Once upon a time I was forced to buy my groceries in Superquinn. That was even before Tesco was in Ireland and before Aldi and Lidl arrived. Then I remember the week the first Aldi in Parnell Street opened. There were queues outside the shop and inside you couldn’t use a trolley because we had to walk through the shops like ducks in a row because there were soooo many people inside.
Nearly every Aldi and Lidl in Dublin (and there are MANY now) is busy and the market share of the two shop chains keeps growing, but there are some people who still think that they are too good to shop in Aldi and Lidl. But this snobbery is crumbling when you experience the high quality goods for SIGNIFICANTLY lower prices than others charge.
Oddly, though, when it comes to setting up new shops, some parts of Dublin are still totally against an Aldi or Lidl in their neighbourhood and I don’t believe for a minute that this is because of the dying village centres (they are already dead since Centra, Spar and Starbucks took over) or because of the REAL traffic increase. Maybe the PERCEIVED increase and this always reminds me of the stupid idea that Fingal County had when they limited the opening hours if Ikea near Ballymun and tried to force the shop to charge for parking during peak hours to avoid that looming traffic chaos that would bring the M50 to a stand still. Nothing like that ever happened and Ikea luckily was able to change the Fingal County rules.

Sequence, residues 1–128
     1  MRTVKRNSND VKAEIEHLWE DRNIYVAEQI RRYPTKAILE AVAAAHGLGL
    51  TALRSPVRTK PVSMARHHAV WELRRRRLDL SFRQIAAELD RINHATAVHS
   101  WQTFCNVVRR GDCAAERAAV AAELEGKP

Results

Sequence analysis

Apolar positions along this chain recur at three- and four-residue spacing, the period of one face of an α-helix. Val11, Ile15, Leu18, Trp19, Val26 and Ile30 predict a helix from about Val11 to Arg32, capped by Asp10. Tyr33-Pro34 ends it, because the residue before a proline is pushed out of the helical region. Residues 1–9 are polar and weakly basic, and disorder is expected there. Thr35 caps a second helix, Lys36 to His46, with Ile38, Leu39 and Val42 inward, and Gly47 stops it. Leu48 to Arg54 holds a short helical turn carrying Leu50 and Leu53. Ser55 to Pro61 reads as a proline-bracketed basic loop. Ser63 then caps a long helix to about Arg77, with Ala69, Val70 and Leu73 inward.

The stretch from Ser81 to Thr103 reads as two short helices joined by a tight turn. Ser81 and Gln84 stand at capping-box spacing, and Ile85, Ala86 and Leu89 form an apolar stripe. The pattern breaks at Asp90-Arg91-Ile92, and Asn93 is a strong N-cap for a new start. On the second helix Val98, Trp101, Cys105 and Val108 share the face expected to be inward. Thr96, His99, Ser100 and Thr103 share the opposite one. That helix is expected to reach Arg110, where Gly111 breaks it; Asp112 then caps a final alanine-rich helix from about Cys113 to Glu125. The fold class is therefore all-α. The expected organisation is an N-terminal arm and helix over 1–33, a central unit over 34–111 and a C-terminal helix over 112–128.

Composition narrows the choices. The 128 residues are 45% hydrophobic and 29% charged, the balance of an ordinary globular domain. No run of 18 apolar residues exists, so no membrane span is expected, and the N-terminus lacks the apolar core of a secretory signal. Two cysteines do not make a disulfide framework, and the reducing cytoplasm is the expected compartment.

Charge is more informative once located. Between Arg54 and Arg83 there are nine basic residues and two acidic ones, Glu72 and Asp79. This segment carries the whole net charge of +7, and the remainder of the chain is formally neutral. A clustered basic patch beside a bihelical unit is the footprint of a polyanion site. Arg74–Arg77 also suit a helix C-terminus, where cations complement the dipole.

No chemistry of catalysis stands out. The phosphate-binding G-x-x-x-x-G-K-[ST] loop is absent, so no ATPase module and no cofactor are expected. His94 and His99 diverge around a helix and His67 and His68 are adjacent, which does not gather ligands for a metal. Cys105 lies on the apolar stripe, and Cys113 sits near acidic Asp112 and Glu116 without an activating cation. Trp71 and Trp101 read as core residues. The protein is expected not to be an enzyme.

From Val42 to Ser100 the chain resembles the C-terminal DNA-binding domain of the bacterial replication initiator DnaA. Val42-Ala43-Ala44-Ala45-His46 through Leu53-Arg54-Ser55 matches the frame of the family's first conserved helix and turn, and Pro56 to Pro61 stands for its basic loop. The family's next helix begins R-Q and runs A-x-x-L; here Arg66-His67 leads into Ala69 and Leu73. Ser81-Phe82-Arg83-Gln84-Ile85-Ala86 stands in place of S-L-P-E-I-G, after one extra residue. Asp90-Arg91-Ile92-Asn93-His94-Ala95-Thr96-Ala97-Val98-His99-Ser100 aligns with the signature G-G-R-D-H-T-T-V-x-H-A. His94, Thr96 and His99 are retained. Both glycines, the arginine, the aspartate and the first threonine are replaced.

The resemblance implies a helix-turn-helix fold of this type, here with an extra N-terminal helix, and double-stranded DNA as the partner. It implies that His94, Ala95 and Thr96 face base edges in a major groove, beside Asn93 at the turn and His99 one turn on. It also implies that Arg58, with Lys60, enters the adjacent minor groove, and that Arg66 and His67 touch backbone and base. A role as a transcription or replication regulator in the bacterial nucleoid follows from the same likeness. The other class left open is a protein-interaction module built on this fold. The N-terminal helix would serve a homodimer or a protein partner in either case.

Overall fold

So it is either a total misjudgement regarding traffic OR it is snobbery and I think ultimately it is the snobbery that is the reason for the NOs in Castleknock and Clonsilla that is described in this article www.thejournal.ie/lidl-2-3201010-Jan2017/
By the way, both Aldi and Lidl have managed to create pretty and very well integrated shops in some areas, so the look of the shops is not a good enough reason anymore to reject them.